Have you lost that new writer feeling?

That love at first written word?

You know what I’m talking about. Don’t act like you don’t. That first blush of prose,  your heart racing with each word you write. Oh, and remember when your first short story or flash fiction story was published? Ah, love sweet love.

Short story, flash fiction, and Drabble – writing the great American novel couldn’t be much harder. Wrong. I have so much to learn.

Thank you, Sacha Black, for your recent post.


It feels good to realize I’m not the only writer on the planet to stumble through the writing process.

I too had to face the fact, learning takes time. Yes, you can teach an old dog new tricks but it may take a little longer and a lot more patience.

What I gleaned from Sacha’s lessons:

  • I’m not alone. We can all learn to write better.
  • Writing a short story is not the same as writing a novel.
  • Research is a black hole.
  • Studying is a black hole.
  • Reading can suck you into a black hole.
  • BLACK HOLES will distract me from writing.
  • Focus on learning one writing technique at a time.
  • Feedback should come from objective writers.
  • Benchmark what other authors write. Deconstruct specific sections, dialog and figure out the why and how.
  • Break down competition. Covers, chapters, length, etc. How will mine stack up?
  • Make friends. Writer friends who tell me the truth. Sometimes the truth is overrated.
  • Write-I should make more time to write. Shouldn’t we all?

Sacha goes into more detail on her blog, and you’ll probably get something totally different than I did so click and read the whole thing. You’ll be glad you did.

Were you naive when you first began writing?

What have you learned since you wrote your first story/book?

If you could share one lesson with the beginning writer (you), what would it be?




19 thoughts on “Have you lost that new writer feeling?

  1. If I could share one lesson that I never seem to learn myself is do anything to constrain how much time you spend. Whatever works. Set like an alarm clock or timer. Write something a given period of time before you HAVE to go be somewhere. Or I can fall into an endless circle of black holes. Only thing that works sometimes for me is writing like an hour before I just have to be out the door for something. I don’t want to leave it unfinished and can force myself not to spend the end of time because I have somewhere to go. When writing, time can be both your best friend and worst enemy. Friendemy. And can burn you out til you write like me 🤣🤔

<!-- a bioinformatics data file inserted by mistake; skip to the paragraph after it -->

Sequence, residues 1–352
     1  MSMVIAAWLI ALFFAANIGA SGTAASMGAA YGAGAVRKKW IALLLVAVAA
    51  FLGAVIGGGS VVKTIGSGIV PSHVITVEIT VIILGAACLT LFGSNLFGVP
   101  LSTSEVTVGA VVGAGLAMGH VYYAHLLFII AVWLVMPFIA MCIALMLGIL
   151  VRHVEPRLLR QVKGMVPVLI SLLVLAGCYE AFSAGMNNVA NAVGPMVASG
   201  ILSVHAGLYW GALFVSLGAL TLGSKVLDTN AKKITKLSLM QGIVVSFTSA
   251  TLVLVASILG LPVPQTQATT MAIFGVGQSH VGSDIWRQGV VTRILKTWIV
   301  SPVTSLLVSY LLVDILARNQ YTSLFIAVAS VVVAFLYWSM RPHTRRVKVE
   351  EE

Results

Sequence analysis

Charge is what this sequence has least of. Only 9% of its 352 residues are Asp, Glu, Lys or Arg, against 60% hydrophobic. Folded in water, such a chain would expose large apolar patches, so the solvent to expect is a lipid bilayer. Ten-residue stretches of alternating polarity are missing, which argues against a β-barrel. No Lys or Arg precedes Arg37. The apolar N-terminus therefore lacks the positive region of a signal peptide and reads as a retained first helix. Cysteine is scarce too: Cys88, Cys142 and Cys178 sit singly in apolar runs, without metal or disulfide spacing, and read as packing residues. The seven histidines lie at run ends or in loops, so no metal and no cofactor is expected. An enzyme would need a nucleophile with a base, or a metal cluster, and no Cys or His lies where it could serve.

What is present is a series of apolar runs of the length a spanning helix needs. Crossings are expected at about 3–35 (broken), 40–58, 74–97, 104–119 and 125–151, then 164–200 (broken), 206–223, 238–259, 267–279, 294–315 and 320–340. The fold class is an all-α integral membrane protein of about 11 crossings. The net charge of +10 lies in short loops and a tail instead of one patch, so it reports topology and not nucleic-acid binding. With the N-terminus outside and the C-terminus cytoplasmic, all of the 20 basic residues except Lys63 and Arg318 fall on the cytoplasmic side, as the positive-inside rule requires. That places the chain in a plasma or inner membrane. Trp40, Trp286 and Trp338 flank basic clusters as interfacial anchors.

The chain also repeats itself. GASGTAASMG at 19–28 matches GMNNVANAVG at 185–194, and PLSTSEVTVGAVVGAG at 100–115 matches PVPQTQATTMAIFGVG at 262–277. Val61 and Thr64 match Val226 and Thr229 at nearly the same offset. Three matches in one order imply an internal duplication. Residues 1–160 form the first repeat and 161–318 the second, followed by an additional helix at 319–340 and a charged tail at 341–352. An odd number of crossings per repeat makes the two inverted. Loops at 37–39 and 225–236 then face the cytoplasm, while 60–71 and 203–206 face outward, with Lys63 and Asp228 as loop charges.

Liked by 1 person

      1. I do too but then next thing I know I just wrote a novel that no one would read and spent way too much time. I still need to try out the timer – I think that’s hard with self employment and writing is no one else is paying attention to your time. You can spend entirely too much or spend no time. I’m trying to get it in the mindset of a traditional type job – so appointments can help because it’s somewhere I have to be and another person depending on that. But otherwise timers are my best idea for shortening how much time I spend. Increasing it when I don’t feel like writing…yeah no ideas there!

        Liked by 1 person

          1. Will do! I may need to set a second one to remember – awful time management. I think when writing you really need some time management abilities. Or you’ll have a timer to remind you of the timer haha. There are apps and browser plugins that will more or less restrict what you can do (like parental controls) for a certain period of time. Another thing I should do and would recommend to any new writer that has trouble with time management. Very easy to fall down the google rabbit hole. But if it kicks you out perhaps not so much. Now I sound like a toddler ha.


Leave a Reply

Fill in your details below or click an icon to log in:

WordPress.com Logo

You are commenting using your WordPress.com account. Log Out /  Change )

Twitter picture

You are commenting using your Twitter account. Log Out /  Change )

Facebook photo

You are commenting using your Facebook account. Log Out /  Change )

Connecting to %s

This site uses Akismet to reduce spam. Learn how your comment data is processed.